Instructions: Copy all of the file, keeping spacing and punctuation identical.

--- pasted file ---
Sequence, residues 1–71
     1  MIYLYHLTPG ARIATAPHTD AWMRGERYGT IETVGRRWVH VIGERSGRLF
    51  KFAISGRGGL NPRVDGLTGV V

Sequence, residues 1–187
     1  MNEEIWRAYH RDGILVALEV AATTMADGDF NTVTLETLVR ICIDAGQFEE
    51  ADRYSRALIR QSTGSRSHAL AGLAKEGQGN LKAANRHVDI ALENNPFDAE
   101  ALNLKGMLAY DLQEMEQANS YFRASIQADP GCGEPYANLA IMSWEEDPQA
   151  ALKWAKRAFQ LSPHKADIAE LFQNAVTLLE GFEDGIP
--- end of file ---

Sequence, residues 1–71
     1  MIYLYHLTPG ARIATAPHTD AWMRGERYGT IETVGRRWVH VIGERSGRLF
    51  KFAISGRGGL NPRVDGLTGV V

Sequence, residues 1–187
     1  MNEEIWRAYH RDGILVALEV AATTMADGDF NTVTLETLVR ICIDAGQFEE
    51  ADRYSRALIR QSTGSRSHAL AGLAKEGQGN LKAANRHVDI ALENNPFDAE
   101  ALNLKGMLAY DLQEMEQANS YFRASIQADP GCGEPYANLA IMSWEEDPQA
   151  ALKWAKRAFQ LSPHKADIAE LFQNAVTLLE GFEDGIP